In its July 25/26 Weekend edition, the Wall Street Journal printed a fascinating article, "A Class of Generals" about the West Point class of 1976. From this class have come five Generals currently leading major military units in Iraq and Afghanistan. This is the first time in West Point's 207 year history that one class has produced generals commanding two wars simultaneously.

What is fascinating about this story, for those of you too young to remember, is that the class of 1976 entered West Point in 1972, at the low point for prestige and morale in the U.S. military. This was the period immediately post-Vietnam and in the midst of Watergate. It was decidedly uncool to be in the military at all, much less pledging your life and career to lead its soldiers.

Yet this one class has produced 33 active or retired generals from its 855 graduates. Not since the class of 1915, which produced Generals Dwight Eisenhower and Omar Bradley, who led the U.S. through World War II, has one class had such an impact on military leadership. Asked why they came, most said as part of their families' traditions, a sense of duty, and some had scholarship or other opportunities that made it their best opportunity. Today, after stepping into an organization in which they believed when it needed them most, they are a class of professionals who will go down in history.

Reading this reminded me of a similar group, this from the sports world in my native Kentucky. The 1991-92 University of Kentucky men's team is revered in our state as "The Unforgettables." Due to flagrant recruiting violations under then Head Coach Eddie Sutton, the U of K program was banned from postseason play for two years. The best players left the program and the best recruits went elsewhere. Four seniors, Richie Farmer, Deron Feldhus, John Pelphrey (now coach at the University of Arkansas), and Sean Woods stayed with the program. All were native Kentuckians who, because of family traditions stayed together and with the program.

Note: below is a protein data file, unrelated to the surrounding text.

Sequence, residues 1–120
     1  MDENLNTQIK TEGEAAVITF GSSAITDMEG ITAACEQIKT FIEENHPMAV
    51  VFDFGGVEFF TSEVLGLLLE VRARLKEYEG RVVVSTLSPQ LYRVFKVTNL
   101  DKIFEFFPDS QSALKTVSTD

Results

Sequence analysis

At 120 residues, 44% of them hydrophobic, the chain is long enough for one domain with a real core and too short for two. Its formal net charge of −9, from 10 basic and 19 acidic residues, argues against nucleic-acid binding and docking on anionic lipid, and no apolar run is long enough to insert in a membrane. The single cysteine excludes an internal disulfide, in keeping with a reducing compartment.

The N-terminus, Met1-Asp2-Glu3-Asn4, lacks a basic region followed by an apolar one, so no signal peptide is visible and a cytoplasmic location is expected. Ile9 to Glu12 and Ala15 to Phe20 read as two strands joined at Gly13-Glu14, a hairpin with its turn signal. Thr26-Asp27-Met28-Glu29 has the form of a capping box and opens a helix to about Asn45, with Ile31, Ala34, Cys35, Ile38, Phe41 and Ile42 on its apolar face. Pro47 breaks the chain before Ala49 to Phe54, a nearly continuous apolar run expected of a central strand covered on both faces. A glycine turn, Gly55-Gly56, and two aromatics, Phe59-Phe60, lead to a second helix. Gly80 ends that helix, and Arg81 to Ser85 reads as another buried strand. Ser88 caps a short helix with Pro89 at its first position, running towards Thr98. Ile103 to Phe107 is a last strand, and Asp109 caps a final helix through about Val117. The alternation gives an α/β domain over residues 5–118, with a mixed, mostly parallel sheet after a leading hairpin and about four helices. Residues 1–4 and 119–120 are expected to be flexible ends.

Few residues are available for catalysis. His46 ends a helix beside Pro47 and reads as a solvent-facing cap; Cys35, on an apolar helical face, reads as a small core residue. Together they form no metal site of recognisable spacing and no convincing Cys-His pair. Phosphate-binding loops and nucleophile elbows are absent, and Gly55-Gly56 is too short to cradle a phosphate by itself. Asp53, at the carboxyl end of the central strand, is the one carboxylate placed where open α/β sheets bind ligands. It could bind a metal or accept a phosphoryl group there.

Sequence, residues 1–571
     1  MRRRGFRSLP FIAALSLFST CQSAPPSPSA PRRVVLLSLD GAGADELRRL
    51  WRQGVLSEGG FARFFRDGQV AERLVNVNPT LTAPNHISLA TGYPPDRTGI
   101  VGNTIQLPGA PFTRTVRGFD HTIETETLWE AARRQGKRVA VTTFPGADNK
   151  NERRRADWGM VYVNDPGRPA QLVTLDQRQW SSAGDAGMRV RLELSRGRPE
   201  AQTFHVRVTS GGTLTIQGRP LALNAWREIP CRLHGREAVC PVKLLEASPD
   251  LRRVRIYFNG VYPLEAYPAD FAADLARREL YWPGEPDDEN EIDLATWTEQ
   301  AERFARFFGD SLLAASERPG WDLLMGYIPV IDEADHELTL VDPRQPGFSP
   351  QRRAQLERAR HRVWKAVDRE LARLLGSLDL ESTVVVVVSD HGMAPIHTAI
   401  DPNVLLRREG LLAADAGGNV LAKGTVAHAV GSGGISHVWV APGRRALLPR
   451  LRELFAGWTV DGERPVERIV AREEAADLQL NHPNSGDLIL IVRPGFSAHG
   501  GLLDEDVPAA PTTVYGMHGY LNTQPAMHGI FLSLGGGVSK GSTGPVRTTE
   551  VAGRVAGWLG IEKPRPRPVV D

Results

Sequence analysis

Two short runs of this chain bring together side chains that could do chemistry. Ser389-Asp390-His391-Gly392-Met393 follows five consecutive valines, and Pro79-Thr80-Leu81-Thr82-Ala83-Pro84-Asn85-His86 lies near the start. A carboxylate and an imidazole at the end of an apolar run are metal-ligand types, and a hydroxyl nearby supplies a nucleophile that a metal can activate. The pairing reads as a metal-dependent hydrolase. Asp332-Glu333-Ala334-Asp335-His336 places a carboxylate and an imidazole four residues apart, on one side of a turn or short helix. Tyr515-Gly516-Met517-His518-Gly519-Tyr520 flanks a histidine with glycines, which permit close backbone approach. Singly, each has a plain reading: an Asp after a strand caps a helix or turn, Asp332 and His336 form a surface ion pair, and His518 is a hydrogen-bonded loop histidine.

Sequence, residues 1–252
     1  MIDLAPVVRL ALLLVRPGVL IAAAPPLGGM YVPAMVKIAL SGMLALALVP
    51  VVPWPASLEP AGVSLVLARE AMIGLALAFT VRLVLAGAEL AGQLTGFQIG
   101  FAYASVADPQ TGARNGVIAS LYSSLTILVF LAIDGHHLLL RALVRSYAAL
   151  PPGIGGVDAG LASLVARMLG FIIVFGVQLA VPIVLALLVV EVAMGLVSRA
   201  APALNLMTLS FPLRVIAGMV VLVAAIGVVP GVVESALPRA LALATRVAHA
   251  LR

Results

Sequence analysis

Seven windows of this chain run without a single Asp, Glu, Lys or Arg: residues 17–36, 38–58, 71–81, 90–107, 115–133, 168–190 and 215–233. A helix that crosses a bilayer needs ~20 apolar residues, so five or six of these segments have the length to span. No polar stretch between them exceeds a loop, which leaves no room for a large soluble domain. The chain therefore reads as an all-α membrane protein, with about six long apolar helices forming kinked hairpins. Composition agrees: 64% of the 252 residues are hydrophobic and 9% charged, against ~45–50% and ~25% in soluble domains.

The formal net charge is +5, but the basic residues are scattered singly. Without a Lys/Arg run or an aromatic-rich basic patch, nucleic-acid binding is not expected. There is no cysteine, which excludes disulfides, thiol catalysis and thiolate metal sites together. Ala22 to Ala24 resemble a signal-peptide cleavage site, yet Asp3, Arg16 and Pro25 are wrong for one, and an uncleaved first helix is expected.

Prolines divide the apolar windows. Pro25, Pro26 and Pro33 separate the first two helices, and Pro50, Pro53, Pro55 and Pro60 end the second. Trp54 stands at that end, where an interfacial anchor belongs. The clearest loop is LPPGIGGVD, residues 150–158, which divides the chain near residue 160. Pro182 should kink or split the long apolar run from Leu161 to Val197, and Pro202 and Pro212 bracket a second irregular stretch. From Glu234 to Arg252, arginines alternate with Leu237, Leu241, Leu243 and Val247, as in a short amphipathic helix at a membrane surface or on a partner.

Their reward was a new head coach recruited from the NBA, Rick Pitino, who in turn recruited great underclass players. In the '91-'92 season they went 29 - 7 and lost to eventual national champion Duke in what is often called the greatest college basketball game ever played. All four players' jerseys are retired at UK. Their rise from the bottom of the SEC to national prominence in one year turned around the UK program for a decade.

Which brings me to us. Eighteen months ago there were around 660 of us; now there are around 480. I won't go back through what we endured in the year between April 2008 and 2009; you know that all too well. What I can tell you now that is probably news to you should make you feel good about yourself and your teammates. The staff reductions of 2008 actually happened in six phases of planning and implementation over a 14 month period. During this time every single one of us was discussed at some time or other. The magnitude of the downsizing, and the fact that it came in wave upon wave, necessitated an examination of each and every job and person. Was the job necessary? If so, which person was the right one for the job and who should go?

So, if you're here at Thomas Nelson right now, today, you are good at what you do. You have been vetted and approved, and you're regarded as someone who knows what they're doing. That doesn't give any of us a pass on doing our job everyday, but it should make you pause for a moment to hold your head up. Like the Class of Generals and like The Unforgettables, you are leading and performing at a unique time in our history. You're doing that almost completely because of who you are and what you believe, not because its raining money on Nelson Place.

And, since nothing happens accidentally, you are where you are for a reason. As we near the mid-point in this very difficult Q2 may this be an encouragement to you that you can also pass to anyone around you who needs it.